Moving on up!

Today, Emperor Akihito will abdicate his position and Crown Prince Naruhito will become the new Emperor of Japan. Naruhito’s enthronement ceremony will be held in October , and I’m sure we’ll have some coverage of that. For now we are going to concentrate on one of my fave things…tiaras!

Crown Princess Masako has not been in the public eye as much as some of our other Crown Princesses, but she pops up every now and again for certain events. We can only hope that she is receiving the treatment she needs.

Since her marriage, Masako has had two tiaras available to her: The Pearl Sunburst Tiara and the Scroll Tiara that are usually worn by Crown Princesses.

The Pearl Sunburst Tiara, with matching necklace
The Crown Princess Scroll Tiara, with matching necklace

Once Naruhito becomes Emperor and Masako his Empress Consort, she will (we believe) have access to the vault, and the tiaras of the Empress. Empress Michiko stopped wearing tiaras some years ago, but we can hope that Masako will bring some of these beauties out of the vault!

The Meiji Scroll Tiara
The Imperial Chrysanthemum Tiara
Princess Chichibu’s Honeysuckle Tiara

As there hasn’t been an abdication in Japan in over two hundred years, we are not sure how everything is going to shake out. But we are here for the sparkles…so which of the above would you like to see Masako wear first?


Battle of the Tiaras – Hanging Pearls

On to our next round of tiara fun…we’ve had fun defending tiaras, or not defending them, but now we’re going to put some famous tiaras up against each other.

We’re going to start with a good one: hanging pearls. Let’s see which of these beauties takes the crown!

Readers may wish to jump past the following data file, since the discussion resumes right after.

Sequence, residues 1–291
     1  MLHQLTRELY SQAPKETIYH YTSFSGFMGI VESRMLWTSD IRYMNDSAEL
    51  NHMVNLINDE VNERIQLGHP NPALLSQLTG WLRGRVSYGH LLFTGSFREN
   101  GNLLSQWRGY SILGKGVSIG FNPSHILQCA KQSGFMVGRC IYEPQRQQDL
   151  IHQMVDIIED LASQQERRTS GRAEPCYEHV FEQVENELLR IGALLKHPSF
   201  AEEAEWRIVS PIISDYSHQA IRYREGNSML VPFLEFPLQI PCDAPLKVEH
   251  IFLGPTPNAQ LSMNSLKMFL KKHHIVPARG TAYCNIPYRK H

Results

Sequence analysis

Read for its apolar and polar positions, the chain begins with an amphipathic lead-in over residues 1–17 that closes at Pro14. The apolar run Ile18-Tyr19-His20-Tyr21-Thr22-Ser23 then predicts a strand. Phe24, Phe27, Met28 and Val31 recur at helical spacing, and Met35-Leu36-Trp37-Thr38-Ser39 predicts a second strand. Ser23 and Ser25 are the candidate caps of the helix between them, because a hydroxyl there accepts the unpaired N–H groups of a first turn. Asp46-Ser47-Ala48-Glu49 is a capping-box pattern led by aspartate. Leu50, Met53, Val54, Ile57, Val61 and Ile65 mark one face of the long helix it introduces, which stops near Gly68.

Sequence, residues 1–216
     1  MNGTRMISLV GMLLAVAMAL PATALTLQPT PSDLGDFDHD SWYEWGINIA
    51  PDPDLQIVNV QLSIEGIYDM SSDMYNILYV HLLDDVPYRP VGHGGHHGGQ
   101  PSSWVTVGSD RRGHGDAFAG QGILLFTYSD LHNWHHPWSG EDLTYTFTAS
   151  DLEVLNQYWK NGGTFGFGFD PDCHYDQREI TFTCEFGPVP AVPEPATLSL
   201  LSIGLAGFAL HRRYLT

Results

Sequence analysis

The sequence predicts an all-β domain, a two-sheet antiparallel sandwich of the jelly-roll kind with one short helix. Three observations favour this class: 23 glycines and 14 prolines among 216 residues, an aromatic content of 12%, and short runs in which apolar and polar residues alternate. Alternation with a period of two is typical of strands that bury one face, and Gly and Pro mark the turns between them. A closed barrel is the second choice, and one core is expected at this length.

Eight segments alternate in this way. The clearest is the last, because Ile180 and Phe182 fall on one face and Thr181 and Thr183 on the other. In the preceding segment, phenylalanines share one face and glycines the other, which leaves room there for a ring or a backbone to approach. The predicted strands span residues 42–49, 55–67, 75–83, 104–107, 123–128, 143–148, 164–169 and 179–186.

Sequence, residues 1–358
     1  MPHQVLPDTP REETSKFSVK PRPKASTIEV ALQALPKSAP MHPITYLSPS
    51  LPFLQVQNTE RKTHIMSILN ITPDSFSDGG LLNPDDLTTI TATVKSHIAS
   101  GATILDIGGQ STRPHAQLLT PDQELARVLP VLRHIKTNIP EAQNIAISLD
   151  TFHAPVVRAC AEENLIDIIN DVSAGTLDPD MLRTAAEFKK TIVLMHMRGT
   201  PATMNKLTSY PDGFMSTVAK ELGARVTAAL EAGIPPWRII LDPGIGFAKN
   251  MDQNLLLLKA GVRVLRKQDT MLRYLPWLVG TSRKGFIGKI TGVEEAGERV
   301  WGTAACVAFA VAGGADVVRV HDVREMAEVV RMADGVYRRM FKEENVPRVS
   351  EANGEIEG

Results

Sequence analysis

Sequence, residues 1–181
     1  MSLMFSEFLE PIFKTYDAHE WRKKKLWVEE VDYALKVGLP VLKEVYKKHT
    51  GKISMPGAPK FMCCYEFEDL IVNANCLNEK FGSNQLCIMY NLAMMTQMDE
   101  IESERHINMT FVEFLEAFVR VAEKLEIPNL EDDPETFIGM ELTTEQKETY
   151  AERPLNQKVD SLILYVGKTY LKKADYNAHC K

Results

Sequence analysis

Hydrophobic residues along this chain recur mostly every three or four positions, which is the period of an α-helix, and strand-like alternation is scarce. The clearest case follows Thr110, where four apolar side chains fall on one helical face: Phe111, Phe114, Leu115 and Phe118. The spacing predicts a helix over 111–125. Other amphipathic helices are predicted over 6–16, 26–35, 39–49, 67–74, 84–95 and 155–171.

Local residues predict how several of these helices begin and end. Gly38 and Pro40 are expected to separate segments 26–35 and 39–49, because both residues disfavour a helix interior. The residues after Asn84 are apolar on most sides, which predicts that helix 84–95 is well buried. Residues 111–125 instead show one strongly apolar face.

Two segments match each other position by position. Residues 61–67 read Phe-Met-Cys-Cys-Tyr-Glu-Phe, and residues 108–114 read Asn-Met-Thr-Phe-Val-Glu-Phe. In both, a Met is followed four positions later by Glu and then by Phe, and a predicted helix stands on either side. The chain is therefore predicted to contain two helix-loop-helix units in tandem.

Queen Mary’s / Cambridge Lover’s Knot

Queen Mary had this tiara made, inspired by one owned by her aunt, Grand Duchess Augusta of Mecklenburg-Strelitz’s. It originally had pearl toppers above the lover’s knots, but those were later removed. Queen Elizabeth inherited this tiara upon Mary’s death in 1953. It was later gifted to Diana, Princess of Wales, upon her marriage to Prince Charles. On their divorce, the tiara returned to the vault, to be loaned again to Catherine, Duchess of Cambridge.

The Danish Pearl Poire Tiara

The Pearl Poire tiara first came to Denmark in the vaults of Princess Louise of Sweden, who married the future King Frederik VIII in 1869. The tiara was inherited by Louise upon the death of her mother, Queen Louise of Sweden, who inherited it from her mother, Princess Louise of the Netherlands. It became part of a married parure with a necklace and earrings which were a present from the Khedive of Egypt. The married parure has been worn by all Danish Queens since Louise: Alexandrine, Ingrid and Margrethe II.

The Cartier Pearl Drop Tiara

This Monégasque  tiara was made by Cartier as a wedding present for Princess Charlotte of Monaco, from her husband Count Pierre de Polignac. Charlotte was the grandmother of Prince Rainier. Princess Charlotte wore the tiara to a pre-wedding event for Prince Rainier and Grace Kelly. We’re not sure if Princess Grace ever wore this tiara, although there is a painting of her maybe wearing it… The tiara was then passed on to Princess Caroline, who has been wearing it ever since.

Which hanging pearl tiara is your favorite?